Photo by Christina Cardona Joyce Carol Oates visited the Evening Readings series on Nov. 10 to discuss her latest memoir.

Author Joyce Carol Oates discusses memoir at Evening Readings

4 mins read
Photo by Christina Cardona Joyce Carol Oates visited the Evening Readings series on Nov. 10 to discuss her latest memoir.
Photo by Christina Cardona
Joyce Carol Oates visited the Evening Readings series on Nov. 10 to discuss her latest memoir.

Joyce Carol Oates read from her latest memoir, “The Lost Landscape: A Writer’s Coming of Age,” on Nov. 10 at LeFrak Concert Hall for the Evening Readings Series.

“The Lost Landscape” is a memoir about her childhood and adolescence, exploring the world through the eyes of her younger self. It is her second memoir after the best-selling book “A Widow’s Story.”

The memoir shows Oates’ life growing up on a small farm in upstate New York, where she made friends with a red hen named Happy Chicken. She reflects about her days with Happy Chicken, who disappeared the day the “town grandmother” took Oates to get a public library card.

Oates also writes about the mean schoolboys in her one-room schoolhouse, chronic insomnia growing up, tricky friendships and struggling Hungarian and Irish immigrant relatives. She talks about her sister, both severely autistic and unable to speak.

The author writes about her finding refuge in books. “Alice’s Adventures in Wonderland” and “Through The Looking-Glass,” both written by American author Lewis Carroll, influenced her growing up.

During a discussion with Leonard Lopate, host of the Evening Readings, Oates revealed she worked on the book for nearly 15 years.

“Editors would ask me specific questions like ‘write about your first memory,’ ‘write about your first work,’ ‘write about your father’ or ‘write about your mother.’ So overtime I had assembled a number of essays about different parts of my life. It occurred to me to put them all together and rewrite it and make it into a more coherent memoir,” Oates said.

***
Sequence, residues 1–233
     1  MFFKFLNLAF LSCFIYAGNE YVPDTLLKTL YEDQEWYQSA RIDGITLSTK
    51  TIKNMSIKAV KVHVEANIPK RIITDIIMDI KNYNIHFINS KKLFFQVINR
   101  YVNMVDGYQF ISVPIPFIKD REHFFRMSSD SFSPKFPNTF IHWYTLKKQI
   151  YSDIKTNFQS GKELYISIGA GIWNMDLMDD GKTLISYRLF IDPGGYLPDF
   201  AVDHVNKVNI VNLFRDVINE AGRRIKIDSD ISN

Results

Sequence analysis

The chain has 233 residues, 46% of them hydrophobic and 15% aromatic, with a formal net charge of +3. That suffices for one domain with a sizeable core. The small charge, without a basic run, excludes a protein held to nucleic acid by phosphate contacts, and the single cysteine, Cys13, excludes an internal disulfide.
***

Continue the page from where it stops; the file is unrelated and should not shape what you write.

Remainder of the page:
Lopate asked Oates whether anything bothered her about autobiographical writing. Oates said, over time, stories become less vivid.

Regardless, Oates found writing a memoir difficult in deciding what to focus on.

“When you look at a photo album of 200 photographs, you only select a few to show

people otherwise it’s overwhelming,” Oates said. “That’s the first thing that is troublesome when writing a memoir because you have to select. You want to tell the truth and you want to put it all down, all the important things.”

Oates then read the beginning of the book’s introduction, revealing that she always planned her first chapter for years. Whenever she read it, she would feel a thrill and wanted to write more.

“We begin as children imagining and fearing ghosts. By degrees, through our long lives, we come to be the very ghosts inhabiting the lost landscapes of our childhood,” Oates said.

Oates also wrote novels like “Them,” “We Were the Mulvaneys,” “Blonde” and “The Accursed.” She also wrote a short story called “Where Are You Going, Where Have You Been.” It loosely influenced a 1985 movie called “Smooth Talk” starring actors Laura Dern and Treat Williams.

The next Evening Reading will happen Dec. 16 with Zadie Smith. Admission to the event is $20, but free for those with a CUNY student ID.

For more information on the Evening Readings series, visit

Christina Cardona

Christina Cardona is senior majoring in Media Studies and minoring in Journalism. She covers soft news such as events, and enjoys arts and entertainment articles. When she is not persuading everyone she knows that girls can do anything boys can do, she enjoys doing yoga and is a neighborhood dog walker. You can email her at christina[at]

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